A believer, bloodied but unbowed Bush in fine form despite the polls

September 24, 1992|By Karen Hosler | Karen Hosler,Washington Bureau

WASHINGTON -- If George Bush is about to lose this election he doesn't seem to know it yet.

Star-spangled bands still play, red, white and blue placards still wave, crowds nearly swoon just at the sight of his gleaming aircraft. And the president is determinedly upbeat -- full of winks and waves, and grinning like he's 30 percentage points ahead instead of 10 to 20 points behind.

Now in the final weeks of his last campaign after 30 years in politics, aides say Mr. Bush has found a kind of serenity that sustains him no matter what they or anybody else may think about his prospects.

"Nobody will believe it, but he's really right-headed about this thing," said deputy campaign manager Mary Matalin on Tuesday as Mr. Bush skipped into a rousing welcome at an airport hangar in Greenville, Miss. "He gets energized from this."

It may be unrealistic; it may be false bravado; it may be that George Bush knows more than most everyone else about what he can accomplish. But he believes he's going to win, his friends say.

"I remain confident, recognizing that we've got an uphill fight," Mr. Bush wrote in a note to former press secretary Sheila Tate early this month. She says, "I can tell by the other things he says in the note that he really means it."

Clearly, Mr. Bush seems to have kicked a bad bout of the blues that overtook him in late spring and early summer, when it became clear that after 12 years in the White House as president and vice president he would have to sell himself to the American people all over again.

Although fatigue takes an inevitable toll after endurance tests such as Tuesday's swing through six states and back to Washington again in 16 hours, Mr. Bush never appears downcast -- in contrast to how his supporters often seem these days.

"I felt better just seeing how the crowd responded to him," said Linda Johnson, 44, a school psychologist from Memphis, after a Bush rally Tuesday night at Craigmont High School. A partisan gathering of 2,000 had been whipped to such a frenzy before the president's arrival that it was screaming "George Bush," "Four More Years" and "Free Trade" with almost the same passion teen-age girls once reserved for Elvis.

"When you read the newspapers and hear on television about all these polls, it's a little depressing," Ms. Johnson said.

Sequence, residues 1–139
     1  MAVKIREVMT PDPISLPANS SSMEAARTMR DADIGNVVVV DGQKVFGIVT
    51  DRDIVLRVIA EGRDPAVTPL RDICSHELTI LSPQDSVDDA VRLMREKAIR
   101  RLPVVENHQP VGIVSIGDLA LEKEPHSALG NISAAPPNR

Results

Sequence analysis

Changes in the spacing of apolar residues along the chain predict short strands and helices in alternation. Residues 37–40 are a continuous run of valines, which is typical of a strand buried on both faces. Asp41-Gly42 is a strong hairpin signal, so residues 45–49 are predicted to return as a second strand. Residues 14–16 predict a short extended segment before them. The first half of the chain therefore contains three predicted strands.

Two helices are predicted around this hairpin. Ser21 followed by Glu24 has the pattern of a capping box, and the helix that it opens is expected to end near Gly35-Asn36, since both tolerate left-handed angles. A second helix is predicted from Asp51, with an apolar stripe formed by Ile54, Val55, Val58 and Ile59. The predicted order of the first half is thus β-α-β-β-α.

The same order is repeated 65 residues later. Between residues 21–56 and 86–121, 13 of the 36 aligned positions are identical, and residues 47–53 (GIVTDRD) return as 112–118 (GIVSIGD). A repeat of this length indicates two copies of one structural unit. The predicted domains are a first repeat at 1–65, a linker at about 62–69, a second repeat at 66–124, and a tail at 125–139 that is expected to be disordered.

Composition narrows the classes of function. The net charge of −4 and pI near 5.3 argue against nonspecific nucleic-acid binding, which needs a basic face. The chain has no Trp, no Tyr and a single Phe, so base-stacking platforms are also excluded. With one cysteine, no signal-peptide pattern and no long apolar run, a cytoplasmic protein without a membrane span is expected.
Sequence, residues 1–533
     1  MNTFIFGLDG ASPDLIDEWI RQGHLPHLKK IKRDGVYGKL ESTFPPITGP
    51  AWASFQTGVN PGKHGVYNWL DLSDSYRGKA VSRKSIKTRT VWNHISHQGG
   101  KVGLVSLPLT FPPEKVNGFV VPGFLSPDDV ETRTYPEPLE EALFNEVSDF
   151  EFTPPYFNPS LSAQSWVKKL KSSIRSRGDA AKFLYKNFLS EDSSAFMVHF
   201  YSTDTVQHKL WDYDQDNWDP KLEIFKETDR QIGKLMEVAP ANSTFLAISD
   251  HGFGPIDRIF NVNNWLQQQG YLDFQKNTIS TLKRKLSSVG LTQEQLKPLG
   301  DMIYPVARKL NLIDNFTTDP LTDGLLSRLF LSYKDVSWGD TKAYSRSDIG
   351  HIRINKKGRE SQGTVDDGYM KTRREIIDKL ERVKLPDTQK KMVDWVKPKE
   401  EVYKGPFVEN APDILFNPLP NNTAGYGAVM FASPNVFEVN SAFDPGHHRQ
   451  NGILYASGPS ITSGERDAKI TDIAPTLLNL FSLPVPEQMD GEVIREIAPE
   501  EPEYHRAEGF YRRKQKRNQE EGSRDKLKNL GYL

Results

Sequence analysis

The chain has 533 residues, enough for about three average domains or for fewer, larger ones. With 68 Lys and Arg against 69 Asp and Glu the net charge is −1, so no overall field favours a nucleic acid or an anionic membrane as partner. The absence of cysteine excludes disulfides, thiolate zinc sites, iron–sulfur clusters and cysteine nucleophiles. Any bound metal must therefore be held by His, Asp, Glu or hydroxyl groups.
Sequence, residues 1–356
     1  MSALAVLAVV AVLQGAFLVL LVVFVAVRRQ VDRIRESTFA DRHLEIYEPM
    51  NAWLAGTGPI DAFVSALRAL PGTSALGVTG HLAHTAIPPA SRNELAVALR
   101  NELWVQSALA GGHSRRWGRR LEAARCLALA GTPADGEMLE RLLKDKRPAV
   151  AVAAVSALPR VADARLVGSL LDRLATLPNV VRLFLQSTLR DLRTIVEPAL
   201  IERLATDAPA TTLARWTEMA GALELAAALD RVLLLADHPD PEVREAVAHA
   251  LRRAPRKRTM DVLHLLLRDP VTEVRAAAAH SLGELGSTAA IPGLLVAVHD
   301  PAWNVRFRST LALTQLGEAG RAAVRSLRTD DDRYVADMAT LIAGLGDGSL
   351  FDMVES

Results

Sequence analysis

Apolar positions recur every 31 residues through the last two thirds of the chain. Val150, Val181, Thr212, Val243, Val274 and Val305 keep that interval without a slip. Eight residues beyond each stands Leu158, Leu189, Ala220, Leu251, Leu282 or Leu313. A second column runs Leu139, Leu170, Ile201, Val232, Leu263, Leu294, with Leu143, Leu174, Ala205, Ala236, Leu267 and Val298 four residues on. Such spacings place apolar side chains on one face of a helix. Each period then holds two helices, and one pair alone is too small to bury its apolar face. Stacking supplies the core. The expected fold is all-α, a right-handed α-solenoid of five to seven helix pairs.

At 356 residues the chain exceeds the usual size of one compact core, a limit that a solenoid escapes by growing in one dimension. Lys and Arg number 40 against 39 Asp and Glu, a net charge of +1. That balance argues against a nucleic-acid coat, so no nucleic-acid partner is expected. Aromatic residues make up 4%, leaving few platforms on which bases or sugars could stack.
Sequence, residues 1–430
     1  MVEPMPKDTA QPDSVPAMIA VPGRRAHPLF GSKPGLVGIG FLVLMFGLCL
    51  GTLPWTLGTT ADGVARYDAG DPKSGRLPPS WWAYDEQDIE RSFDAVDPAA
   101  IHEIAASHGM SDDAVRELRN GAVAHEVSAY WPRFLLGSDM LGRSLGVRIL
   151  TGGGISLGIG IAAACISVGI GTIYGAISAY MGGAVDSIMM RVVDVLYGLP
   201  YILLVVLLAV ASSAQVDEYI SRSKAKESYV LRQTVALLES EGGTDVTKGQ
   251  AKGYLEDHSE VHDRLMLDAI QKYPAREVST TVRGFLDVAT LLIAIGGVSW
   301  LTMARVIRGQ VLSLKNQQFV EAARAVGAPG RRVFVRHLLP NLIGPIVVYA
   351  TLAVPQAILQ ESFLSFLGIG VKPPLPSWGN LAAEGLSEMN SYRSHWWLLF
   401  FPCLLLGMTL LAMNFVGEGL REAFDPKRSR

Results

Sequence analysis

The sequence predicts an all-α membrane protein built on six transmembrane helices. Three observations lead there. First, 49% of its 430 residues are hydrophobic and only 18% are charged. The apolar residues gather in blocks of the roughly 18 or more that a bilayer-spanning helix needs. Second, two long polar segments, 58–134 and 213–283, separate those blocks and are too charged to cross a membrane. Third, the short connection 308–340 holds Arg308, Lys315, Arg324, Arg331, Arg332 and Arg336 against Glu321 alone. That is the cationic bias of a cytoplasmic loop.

Presidential scholar Stephen Hess of the Brookings Institution notes that it is a candidate's job to keep up the troops' spirits. "Richard Nixon told me 10 days before the California governor's race that he was going to lose; that didn't mean he spent the next nine days with a frown on his face," he recalled.

He also observed that Republicans have now become adept at the kind of manufactured displays of fervor that labor unions and machine bosses delivered for years to Democratic candidates.

The practiced hand of campaign chief James A. Baker III was particularly evident Tuesday in the use of the sleek and imposing Air Force One as a backdrop for the president's speeches. The crowds were nearly breathless with anticipation by the time Mr. Bush emerged from its portal.

Some say such displays only serve to distort reality, particularly for presidents, who live in a world where most everyone is thrilled just to see any president and where even outspoken critics rarely voice their opinions to his face.

Hecklers sometimes find their way into some of Mr. Bush's crowds, such as those who booed him yesterday at Pennsylvania State University. But they don't seem to make a big impression on him.

"When he goes to a baseball stadium to throw out the first ball, he knows there will be some boos, but he hears the cheers," a long-time friend said. "This is what happens to people. A certain amount of that comes with the office."

Mr. Bush's apparent good humor may stem in part from his familiarity with the role of underdog.

"He may be president of the United States, but all of his campaigns have been tough," said Peter Teeley, U.S. ambassador to Canada and another former Bush press secretary. Mr. Bush lost two races for the U.S. Senate and a bid for the presidency in 1980 before he won a come-from-behind victory in 1988.

In the Bush camp, they insist they don't believe polls such as the Washington Post-ABC News survey this week that showed Democratic challenger Bill Clinton ahead by 21 points. Their own polling shows the race much closer, perhaps in the single digits, campaign officials say.

Whatever the margin, Mr. Bush is said to be content that with Mr. Baker's return to the White House, he now has his first team in place, his message has been honed, and he can be free to just run as hard as he can and hope for the best.

"There is a funny kind of serenity there," said one campaign official. "It's his last campaign, and he understands what he has to do and what points he has to make. And when it's over, he's going to know for better or worse that he did what he wanted to do."

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